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How can i force wget to stop after X seconds? I have a script that downloads images, from time to time it gets stuck and refuses to "timeout"

what i've tried:

--tries=3 --connect-timeout=30

from ps aux:

root     26543  0.0  0.0  38636  1656 ?        S    20:40   0:00 wget -nc --tries=3 --connect-timeout=30 --restrict-file-names=nocontrol -O 18112012/image.jpg http://site/image.jpg
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migrated from Dec 5 '12 at 21:17

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Have you tried the --timeout (or -T) option? – gniourf_gniourf Dec 5 '12 at 19:04
yes... everything from wget man – teslasimus Dec 5 '12 at 19:12
Are you sure you tried wget -nc --tries=3 -T30 --restrict-file-names=nocontrol -O 18112012/image.jpg http://site/image.jpg? I've never had problems like you're describing. – gniourf_gniourf Dec 5 '12 at 19:17
up vote 0 down vote accepted

You can run the wget command as a background process and send a SIGKILL to forcibly kill it after sleeping for a certain amount of time.

wget ... &
while [[ -n $(ps -e) | grep "$wget_pid") && "$counter" -lt "$timeout" ]]
    sleep 1
if [[ -n $(ps -e) | grep "$wget_pid") ]]; then
    kill -s SIGKILL "$wget_pid"


  • wget ... & - the & notation at the end runs the command in the background as opposed to the foreground
  • wget_pid=$! - $! is a special shell variable that contains the process id of the most recently executed command. Here we save it to a variable called wget_pid.
  • while [[ -n $(ps -e) | grep "$wget_pid") && "$counter" -lt "$timeout" ]] - Look for the process every one second, if it's still there, keep waiting until a timeout limit.
  • kill -s SIGKILL "$wget_pid" - We use kill to forcibly kill the wget process running in the background by sending it a SIGKILL signal.
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very nice! thanks chen – teslasimus Dec 5 '12 at 19:03
What if wget succeeds? You'll throw randomly a SIGKILL? – gniourf_gniourf Dec 5 '12 at 19:08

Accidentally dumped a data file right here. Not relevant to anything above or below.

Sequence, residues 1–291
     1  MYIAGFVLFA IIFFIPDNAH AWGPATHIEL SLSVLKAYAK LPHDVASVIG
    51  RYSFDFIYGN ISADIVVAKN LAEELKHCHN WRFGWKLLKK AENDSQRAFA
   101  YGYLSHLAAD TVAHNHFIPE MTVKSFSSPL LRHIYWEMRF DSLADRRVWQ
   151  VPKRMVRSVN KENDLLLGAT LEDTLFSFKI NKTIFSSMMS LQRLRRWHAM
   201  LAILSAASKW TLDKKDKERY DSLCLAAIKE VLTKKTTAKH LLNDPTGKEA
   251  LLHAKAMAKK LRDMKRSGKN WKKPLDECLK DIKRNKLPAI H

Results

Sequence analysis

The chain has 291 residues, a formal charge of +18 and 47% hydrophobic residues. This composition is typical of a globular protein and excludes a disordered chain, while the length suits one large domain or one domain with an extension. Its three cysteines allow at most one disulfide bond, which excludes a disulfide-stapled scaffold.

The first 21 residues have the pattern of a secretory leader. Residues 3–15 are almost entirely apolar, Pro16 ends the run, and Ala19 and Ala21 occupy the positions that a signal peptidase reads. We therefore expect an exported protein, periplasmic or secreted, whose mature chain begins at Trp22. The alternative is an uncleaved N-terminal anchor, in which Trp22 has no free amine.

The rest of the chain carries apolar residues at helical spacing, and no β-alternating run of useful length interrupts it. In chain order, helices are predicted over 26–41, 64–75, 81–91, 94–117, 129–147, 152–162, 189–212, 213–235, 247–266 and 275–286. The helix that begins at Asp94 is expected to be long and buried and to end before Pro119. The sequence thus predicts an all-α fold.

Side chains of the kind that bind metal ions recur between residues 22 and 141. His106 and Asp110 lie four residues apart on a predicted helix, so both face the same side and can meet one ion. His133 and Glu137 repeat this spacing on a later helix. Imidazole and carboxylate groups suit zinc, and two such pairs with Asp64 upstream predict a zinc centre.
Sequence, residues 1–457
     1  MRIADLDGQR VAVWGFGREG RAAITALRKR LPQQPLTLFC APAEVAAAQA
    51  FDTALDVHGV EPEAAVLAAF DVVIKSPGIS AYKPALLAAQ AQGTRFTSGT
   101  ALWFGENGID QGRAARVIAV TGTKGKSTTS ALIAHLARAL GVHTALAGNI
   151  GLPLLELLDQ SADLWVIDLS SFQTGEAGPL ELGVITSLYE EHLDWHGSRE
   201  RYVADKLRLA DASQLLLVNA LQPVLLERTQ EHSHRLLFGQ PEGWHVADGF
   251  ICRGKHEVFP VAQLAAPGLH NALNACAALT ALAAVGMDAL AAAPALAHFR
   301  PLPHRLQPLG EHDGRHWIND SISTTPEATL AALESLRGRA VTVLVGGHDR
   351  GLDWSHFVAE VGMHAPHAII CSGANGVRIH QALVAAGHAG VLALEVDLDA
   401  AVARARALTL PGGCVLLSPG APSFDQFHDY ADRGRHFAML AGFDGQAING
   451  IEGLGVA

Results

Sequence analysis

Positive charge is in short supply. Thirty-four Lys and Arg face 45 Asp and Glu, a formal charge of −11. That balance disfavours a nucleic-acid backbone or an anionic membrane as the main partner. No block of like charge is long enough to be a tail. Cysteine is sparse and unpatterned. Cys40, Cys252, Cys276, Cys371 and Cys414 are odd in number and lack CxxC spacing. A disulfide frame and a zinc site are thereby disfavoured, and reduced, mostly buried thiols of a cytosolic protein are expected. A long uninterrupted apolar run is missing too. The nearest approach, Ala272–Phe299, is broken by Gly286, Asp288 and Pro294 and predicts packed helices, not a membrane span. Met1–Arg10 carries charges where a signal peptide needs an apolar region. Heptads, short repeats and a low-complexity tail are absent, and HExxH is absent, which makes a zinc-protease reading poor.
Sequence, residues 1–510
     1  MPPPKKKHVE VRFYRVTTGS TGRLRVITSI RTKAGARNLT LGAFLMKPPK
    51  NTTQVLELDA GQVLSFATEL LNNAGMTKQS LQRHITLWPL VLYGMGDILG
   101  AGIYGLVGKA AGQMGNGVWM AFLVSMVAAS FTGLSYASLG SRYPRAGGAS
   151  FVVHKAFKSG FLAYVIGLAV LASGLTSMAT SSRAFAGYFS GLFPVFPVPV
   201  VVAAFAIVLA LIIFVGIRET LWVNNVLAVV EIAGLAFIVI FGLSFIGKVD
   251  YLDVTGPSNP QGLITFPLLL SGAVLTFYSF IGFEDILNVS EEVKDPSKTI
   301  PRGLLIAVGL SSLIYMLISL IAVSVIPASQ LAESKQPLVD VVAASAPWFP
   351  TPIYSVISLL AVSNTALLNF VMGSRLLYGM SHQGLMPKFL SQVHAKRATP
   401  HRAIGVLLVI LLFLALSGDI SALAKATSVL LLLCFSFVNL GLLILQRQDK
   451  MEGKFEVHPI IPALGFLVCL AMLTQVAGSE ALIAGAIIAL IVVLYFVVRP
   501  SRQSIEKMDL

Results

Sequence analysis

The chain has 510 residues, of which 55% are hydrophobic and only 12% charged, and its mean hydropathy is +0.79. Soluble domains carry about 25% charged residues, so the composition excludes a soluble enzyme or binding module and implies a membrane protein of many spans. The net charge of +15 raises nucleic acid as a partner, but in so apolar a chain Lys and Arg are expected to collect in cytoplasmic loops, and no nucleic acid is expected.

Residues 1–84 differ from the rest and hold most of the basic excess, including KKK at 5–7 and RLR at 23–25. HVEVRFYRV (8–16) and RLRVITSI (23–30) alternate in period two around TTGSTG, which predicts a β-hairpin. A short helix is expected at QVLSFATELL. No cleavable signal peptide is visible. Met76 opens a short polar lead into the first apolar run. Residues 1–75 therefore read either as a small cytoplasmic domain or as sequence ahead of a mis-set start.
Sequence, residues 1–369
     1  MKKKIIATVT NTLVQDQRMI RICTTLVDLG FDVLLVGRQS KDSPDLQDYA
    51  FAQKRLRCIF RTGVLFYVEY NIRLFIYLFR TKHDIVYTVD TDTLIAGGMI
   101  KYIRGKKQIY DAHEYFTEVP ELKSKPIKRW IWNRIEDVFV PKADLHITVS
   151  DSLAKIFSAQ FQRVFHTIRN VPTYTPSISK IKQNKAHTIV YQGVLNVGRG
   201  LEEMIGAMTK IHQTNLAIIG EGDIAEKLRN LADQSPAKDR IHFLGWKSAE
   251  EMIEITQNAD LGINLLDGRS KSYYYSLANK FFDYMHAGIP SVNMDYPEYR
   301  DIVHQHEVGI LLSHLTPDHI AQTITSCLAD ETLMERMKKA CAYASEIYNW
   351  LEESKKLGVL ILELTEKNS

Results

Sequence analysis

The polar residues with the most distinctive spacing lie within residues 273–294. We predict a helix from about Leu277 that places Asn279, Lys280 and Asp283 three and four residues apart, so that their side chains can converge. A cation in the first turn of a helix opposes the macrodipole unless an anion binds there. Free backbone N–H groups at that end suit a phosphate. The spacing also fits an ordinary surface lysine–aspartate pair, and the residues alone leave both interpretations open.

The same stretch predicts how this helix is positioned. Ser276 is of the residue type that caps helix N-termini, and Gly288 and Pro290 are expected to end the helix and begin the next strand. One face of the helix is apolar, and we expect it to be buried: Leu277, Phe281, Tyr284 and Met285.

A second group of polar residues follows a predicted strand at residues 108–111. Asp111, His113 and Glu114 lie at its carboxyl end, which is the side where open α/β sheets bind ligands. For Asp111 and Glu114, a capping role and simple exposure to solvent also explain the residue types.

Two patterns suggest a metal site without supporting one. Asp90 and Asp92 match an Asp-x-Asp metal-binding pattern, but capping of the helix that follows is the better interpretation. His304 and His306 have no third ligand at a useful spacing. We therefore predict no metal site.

how can i skip "sleep" if file has been already downloaded? – teslasimus Dec 5 '12 at 19:09
Rewrote the script to make it a bit more robust and address the skipping of sleep times issue – sampson-chen Dec 5 '12 at 19:17
@gniourf_gniourf is there evidence that it's harmful to send a SIGKILL to nothing? – kojiro Dec 5 '12 at 19:25

Easiest way is to use the timeout(1) command, part of GNU coreutils, so available pretty much anywhere bash is installed:

timeout 60 wget ..various wget args..

or if you want to hard-kill wget if its running too long:

timeout -s KILL 60 wget ..various wget args..
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You do know bash is installed on every Mac, which do not have a GNU userland, right? – kojiro Dec 5 '12 at 19:22
@kojiro: The question is tagged ubuntu which includes GNU coreutils, and it can readily be installed on a mac if you want it. – Chris Dodd Dec 5 '12 at 19:24
Hmm, maybe it should've been migrated to >;) – kojiro Dec 5 '12 at 21:24
This is definitely the easiest and safest way. man timeout will show other options. I would personally not use the -s KILL option directly, but maybe use the -k option, something like timeout -k 5 60 wget ..various wget args.. (to give a 5 extra seconds chance to wget before being KILLed). This answer deserves +1. – gniourf_gniourf Dec 6 '12 at 7:49

Community wiki because this is mostly a copy of sampson-chen's answer, but I wanted to point out a couple of things:

wget ... &
# Strictly speaking you can just use the job number,
# which is probably %1, but saving the pid is also fine.
# use kill -0 to check if a pid is still running
while kill -0 "$wget_pid" && (( counter < timeout )); do
    sleep 1
    (( counter++ ))
# if killing nothing is distasteful, use kill -0 one more time.
# also think a SIGKILL is overkill since the question doesn't imply wget needs it.
kill -0 "$wget_pid" && kill "$wget_pid"
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